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MSG not good for Fiji's diet

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COMMENTS

18 December 2009 09:36

I was nodding along with Graeme Dobell's post on Tuesday about Australian policy, Fiji and the Pacific until he mentioned the Melanesian Spearhead Group (MSG). I don't agree that the MSG is a serious rival to the Pacific Islands Forum.

It has four principal members (the fifth member being the Kanak independence activists of New Caledonia, the FLNKS), a small secretariat and few resources. All four members – Fiji, Papua New Guinea, Solomon Islands and Vanuatu — have historically put more of their limited diplomatic efforts into engagement with the Pacific Islands Forum than into the MSG. 

The MSG Free Trade Agreement has not yet contributed to better economic outcomes for members. Divisions between Papua New Guinea and Vanuatu over the involvement of West Papuans in the MSG show that the organisation is not united on a policy front. Solomon Islands' focus will continue to lie with the Pacific Islands Forum over the MSG, thanks to the Forum's support for the Regional Assistance Mission to Solomon Islands.

Commodore Bainimarama has more time to focus his Government's energies on the MSG now that Fiji has been suspended from the Forum and from the Commonwealth, and I agree with Graeme that he is trying to build up the organisation’s influence in the region. But any organisation is only the sum of its parts and until all of its members prioritise membership of the MSG over their membership of the wider regional organisation, it will never be a credible rival to the Pacific Islands Forum. That MSG leaders did not even uphold their promises to Fiji at the Pacific Islands Forum Leaders' meeting in Cairns shows they are not prepared to take that step.

Although Chinese funding of the MSG Secretariat has created questions about rising Chinese influence in the region, in reality China was not the preferred sponsor for the MSG, who in the form of the Vanuatu Government first approached Australia and other donors nine years ago with requests for assistance in building and staffing the MSG Secretariat.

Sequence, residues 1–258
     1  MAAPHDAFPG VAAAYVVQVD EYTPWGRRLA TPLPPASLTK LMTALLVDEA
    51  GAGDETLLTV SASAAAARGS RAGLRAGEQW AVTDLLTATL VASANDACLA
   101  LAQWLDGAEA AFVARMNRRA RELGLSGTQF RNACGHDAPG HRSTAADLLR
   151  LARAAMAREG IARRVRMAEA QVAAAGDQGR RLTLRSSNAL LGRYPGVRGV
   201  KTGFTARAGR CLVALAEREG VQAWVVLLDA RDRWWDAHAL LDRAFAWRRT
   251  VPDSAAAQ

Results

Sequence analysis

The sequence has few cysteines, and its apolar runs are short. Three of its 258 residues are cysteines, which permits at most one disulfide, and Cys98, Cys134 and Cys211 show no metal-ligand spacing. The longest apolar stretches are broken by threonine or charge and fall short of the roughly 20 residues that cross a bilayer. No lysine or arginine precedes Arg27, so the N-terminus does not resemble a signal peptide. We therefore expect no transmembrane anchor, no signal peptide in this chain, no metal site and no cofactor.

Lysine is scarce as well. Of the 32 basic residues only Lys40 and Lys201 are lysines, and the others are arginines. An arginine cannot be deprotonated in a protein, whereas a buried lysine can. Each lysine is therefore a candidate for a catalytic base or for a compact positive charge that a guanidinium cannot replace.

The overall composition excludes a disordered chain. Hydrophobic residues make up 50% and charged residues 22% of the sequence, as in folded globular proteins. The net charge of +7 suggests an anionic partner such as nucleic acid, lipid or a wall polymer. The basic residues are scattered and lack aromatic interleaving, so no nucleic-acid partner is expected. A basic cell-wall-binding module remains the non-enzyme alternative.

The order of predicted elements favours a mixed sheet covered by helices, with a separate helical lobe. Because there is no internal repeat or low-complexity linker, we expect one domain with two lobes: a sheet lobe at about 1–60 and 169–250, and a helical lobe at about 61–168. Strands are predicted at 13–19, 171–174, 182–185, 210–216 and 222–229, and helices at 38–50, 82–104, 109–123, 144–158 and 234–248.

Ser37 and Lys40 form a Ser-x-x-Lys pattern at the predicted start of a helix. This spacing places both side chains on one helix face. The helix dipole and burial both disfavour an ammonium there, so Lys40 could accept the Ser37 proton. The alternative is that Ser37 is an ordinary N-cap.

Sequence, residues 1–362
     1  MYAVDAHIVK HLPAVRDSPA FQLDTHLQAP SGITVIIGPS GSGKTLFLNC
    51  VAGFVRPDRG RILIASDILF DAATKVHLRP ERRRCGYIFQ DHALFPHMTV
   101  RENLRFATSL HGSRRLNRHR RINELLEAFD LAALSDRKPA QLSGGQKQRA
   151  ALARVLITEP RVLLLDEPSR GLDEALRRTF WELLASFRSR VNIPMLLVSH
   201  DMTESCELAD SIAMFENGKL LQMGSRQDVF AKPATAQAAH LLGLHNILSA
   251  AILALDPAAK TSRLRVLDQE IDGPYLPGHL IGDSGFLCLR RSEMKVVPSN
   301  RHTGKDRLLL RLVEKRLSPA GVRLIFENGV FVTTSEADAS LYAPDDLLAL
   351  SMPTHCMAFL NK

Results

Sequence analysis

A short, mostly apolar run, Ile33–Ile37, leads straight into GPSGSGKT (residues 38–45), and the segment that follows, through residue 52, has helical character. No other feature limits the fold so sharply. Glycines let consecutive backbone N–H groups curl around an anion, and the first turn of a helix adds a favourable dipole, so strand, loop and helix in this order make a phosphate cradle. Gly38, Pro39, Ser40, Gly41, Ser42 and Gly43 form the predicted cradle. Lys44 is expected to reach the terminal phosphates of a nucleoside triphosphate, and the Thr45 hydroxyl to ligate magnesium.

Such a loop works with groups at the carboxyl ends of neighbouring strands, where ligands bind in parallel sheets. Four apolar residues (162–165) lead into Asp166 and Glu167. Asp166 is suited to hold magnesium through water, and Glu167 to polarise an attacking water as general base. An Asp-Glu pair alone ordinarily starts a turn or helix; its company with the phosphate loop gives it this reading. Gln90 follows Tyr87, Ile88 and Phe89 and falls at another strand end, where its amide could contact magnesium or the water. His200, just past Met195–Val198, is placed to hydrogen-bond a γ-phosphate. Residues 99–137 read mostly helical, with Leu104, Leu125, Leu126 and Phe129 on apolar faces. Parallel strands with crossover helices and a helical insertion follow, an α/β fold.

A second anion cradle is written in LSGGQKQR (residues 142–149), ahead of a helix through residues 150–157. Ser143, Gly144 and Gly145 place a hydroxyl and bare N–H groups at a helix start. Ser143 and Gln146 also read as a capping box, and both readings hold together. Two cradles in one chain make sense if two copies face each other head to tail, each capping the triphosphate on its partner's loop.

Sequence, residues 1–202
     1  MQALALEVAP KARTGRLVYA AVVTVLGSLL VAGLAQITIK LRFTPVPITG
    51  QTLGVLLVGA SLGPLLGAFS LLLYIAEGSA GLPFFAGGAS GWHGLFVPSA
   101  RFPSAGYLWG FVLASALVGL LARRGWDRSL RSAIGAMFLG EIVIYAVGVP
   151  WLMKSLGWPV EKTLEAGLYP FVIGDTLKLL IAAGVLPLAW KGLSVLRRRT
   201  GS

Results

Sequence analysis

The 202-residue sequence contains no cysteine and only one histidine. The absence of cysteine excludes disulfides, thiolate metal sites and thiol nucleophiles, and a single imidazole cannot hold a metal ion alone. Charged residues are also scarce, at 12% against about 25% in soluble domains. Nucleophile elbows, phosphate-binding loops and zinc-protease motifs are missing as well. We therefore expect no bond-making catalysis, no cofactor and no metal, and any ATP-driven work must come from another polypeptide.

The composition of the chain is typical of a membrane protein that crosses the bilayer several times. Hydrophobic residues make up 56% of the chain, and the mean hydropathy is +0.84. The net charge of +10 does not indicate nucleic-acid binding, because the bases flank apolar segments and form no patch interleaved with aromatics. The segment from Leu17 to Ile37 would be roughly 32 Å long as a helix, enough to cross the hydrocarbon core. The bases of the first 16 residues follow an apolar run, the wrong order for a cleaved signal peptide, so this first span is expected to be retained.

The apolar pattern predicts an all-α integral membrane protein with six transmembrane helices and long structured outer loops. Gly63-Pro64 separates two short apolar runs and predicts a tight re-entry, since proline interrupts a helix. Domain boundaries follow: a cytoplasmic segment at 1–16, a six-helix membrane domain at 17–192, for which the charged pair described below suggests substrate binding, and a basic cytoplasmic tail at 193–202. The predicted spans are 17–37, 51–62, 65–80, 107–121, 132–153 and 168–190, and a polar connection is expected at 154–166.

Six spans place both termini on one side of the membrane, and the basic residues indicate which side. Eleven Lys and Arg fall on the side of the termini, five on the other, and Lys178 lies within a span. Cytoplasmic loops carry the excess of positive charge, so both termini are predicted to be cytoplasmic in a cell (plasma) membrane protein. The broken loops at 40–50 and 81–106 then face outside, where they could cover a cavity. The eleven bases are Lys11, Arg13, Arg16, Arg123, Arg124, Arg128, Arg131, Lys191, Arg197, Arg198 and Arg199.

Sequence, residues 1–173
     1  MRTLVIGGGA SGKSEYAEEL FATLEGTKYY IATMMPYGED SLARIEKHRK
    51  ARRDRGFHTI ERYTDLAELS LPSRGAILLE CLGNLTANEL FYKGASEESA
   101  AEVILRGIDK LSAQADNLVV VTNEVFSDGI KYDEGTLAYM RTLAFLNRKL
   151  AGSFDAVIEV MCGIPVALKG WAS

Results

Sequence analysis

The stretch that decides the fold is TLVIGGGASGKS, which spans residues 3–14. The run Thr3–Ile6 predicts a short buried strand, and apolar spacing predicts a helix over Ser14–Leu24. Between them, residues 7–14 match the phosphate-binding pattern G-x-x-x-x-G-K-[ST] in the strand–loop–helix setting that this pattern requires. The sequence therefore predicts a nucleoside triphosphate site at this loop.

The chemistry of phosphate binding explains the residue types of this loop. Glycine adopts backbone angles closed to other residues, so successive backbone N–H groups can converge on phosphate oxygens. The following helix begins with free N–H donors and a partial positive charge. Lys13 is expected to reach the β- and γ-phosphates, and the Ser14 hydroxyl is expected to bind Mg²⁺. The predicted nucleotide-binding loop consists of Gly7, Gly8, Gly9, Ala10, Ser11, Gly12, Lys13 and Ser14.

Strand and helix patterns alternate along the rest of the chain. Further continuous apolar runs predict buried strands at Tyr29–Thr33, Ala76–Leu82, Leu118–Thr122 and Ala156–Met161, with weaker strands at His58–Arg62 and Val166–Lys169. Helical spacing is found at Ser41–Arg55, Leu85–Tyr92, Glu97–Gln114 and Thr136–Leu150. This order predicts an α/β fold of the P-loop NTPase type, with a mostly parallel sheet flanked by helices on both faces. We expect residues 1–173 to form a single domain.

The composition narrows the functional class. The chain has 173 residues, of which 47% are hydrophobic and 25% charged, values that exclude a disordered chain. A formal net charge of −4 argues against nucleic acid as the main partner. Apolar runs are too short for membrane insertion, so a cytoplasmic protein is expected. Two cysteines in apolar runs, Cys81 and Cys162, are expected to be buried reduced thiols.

There is no doubt China's relationship with some MSG members will benefit from having helped the MSG out of a funding hole but it does not follow that the MSG will become the regional organisation of choice, especially for the smaller countries of the region, which hold little interest for Melanesian leaders. China is also a very generous contributor to the Pacific Islands Forum, so if anything, it is having a bet both ways on influencing the region's institutions.

A reading of the Agreement Establishing the Melanesian Spearhead Group shows Fiji is already in violation of it. Articles 5 and 6 are the most interesting, committing the parties to:

  • Promote and respect human rights, democratic principles and the rule of law.
  • Recognise that democracy based on the rule of law and transparent and accountable governance is an integral part of sustainable development.
  • Affirm that democratic principles underpin the organisation of the state to ensure the legitimacy of its authority, the legality of its actions reflected in its constitutional, legislative and regulatory system.
  • Upholding an independent judiciary and legal system and an executive which is fully subject to the law.
  • Good governance involving clear decision-making procedures in public authorities.

The fact that Fiji, which openly flouts the principles of the MSG, will next year take over the chair of the organisation, makes it even more imperative that the other members move quickly to demonstrate the integrity of the MSG. The MSG could earn the admiration and support of the region if its leaders persuaded Bainimarama to participate in a dialogue that resulted in a return to at least some of the democratic principles and freedoms the MSG claims to espouse. 

The MSG could achieve what the Pacific Islands Forum has failed to do. Until it confront this challenge, it will not present a serious claim to regional leadership.

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